A New Jersey man has been charged with making terroristic threats after he coughed on a Wegmans employee and said he had the coronavirus

mmark@businessinsider.com (Michelle Mark)
A Wegmans supermarket in Pennsylvania.

James Leynse/Corbis via Getty Images

  • New Jersey prosecutors have charged a man with making terroristic threats, alleging he coughed on a Wegmans worker and told her he had the coronavirus.
  • Authorities said the incident occurred after the employee asked the man to step further away from her and an open food display.
  • In response, the man leaned forward and deliberately coughed, then laughed and said he was infected with the coronavirus, prosecutors said.
  • A Missouri man was also charged with making a terroristic threat after he filmed himself licking deodorants in a Walmart and asked, "Who's scared of the coronavirus?" 
  • Visit Insider's homepage for more stories.

A New Jersey man is facing charges of making terroristic threats after he coughed on a grocery-store employee and told her he had the coronavirus, state prosecutors said Tuesday.

George, Falcone, 50, is facing three counts of third-degree terroristic threats, obstructing the administration of law, and harassment.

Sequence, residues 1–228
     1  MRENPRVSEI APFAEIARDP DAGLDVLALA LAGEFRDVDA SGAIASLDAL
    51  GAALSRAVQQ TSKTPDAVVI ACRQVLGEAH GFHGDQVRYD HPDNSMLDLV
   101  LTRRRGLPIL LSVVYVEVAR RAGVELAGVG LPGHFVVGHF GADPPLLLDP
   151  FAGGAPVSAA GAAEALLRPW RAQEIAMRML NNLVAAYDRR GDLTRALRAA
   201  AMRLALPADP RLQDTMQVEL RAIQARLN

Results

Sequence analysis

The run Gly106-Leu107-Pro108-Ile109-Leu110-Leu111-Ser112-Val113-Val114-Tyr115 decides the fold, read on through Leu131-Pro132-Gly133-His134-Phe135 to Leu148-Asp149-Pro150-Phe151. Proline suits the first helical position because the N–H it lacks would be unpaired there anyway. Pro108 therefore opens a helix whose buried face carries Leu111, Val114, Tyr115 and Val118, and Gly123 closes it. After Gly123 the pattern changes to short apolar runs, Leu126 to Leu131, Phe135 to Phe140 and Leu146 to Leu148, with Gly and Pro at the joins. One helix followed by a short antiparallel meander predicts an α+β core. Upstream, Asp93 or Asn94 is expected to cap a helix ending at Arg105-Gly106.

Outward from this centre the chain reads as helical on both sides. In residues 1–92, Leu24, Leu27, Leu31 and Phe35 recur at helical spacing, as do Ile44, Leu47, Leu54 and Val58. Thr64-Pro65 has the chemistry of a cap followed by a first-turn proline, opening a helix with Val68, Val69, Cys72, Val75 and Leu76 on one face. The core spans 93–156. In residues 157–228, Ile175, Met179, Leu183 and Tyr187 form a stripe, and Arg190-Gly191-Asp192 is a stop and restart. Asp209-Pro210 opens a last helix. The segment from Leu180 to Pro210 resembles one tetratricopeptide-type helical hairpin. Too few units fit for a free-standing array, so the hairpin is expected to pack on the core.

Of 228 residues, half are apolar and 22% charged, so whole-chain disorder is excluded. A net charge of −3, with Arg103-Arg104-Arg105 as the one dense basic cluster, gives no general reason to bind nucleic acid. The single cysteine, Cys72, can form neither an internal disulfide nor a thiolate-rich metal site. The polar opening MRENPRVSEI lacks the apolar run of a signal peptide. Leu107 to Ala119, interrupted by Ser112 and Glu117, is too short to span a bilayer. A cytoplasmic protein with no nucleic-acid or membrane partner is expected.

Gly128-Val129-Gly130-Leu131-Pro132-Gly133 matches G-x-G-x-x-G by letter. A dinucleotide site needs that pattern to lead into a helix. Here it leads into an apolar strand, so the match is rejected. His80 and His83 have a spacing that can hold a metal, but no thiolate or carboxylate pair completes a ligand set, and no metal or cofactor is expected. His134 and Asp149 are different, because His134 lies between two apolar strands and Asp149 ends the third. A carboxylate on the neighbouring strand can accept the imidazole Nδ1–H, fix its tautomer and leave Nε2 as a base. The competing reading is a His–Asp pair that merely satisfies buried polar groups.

According to prosecutors, the incident occurred at a Wegmans grocery store on March 22, after an employee grew concerned that Falcone was standing too close to her and an open food display.

George Falcone, 50, has been charged with making a terroristic threat.

New Jersey Office of the Attorney General

The employee covered the food and asked Falcone to step back, but Falcone stepped closer to her, within three feet, leaned forward, and deliberately coughed, prosecutors said.

"He allegedly laughed and said he was infected with the coronavirus," prosecutors said in a statement.

Then, Falcone told two other Wegmans employees they were lucky to have jobs, according to prosecutors.

New Jersey Attorney General Gubrir Grewal said in a statement that the charges against Falcone were intended to deter similar conduct amid the coronavirus outbreak.

The state has reported nearly 4,000 coronavirus cases and 44 deaths.

"Exploiting people's fears and creating panic during a pandemic emergency is reprehensible," Grewal said. "In times like these, we need to find ways to pull together as a community instead of committing acts that further divide us."

Falcone is not the first to face terroristic threat charges in relation to the coronavirus outbreak. One Missouri man who filmed himself licking deodorants in a Walmart and asking, "Who's scared of the coronavirus?" has also been charged with making a terroristic threat.

The Department of Justice is also considering pressing federal anti-terrorism charges against people who intentionally spread the coronavirus.

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